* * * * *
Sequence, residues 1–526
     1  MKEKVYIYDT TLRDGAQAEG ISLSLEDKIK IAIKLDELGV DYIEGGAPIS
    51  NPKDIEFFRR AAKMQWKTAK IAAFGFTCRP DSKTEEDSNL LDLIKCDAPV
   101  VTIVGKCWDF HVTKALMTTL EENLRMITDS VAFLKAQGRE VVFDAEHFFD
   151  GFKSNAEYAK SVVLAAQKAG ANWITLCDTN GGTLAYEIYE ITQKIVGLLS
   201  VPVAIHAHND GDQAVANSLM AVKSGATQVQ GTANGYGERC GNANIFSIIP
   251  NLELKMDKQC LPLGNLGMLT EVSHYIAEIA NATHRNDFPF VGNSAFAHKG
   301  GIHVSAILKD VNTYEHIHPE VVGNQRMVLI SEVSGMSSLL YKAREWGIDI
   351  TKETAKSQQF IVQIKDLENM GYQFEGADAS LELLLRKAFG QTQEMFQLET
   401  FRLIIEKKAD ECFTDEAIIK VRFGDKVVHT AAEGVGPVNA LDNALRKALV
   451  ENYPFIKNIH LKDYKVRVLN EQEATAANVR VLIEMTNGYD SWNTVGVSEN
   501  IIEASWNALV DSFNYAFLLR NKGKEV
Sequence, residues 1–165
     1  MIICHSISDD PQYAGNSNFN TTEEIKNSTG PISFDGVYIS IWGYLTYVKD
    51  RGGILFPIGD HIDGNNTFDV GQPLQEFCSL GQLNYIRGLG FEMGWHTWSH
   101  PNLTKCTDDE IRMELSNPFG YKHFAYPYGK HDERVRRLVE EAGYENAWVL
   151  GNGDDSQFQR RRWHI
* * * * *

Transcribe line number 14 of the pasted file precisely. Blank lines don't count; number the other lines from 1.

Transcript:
     1  MIICHSISDD PQYAGNSNFN TTEEIKNSTG PISFDGVYIS IWGYLTYVKD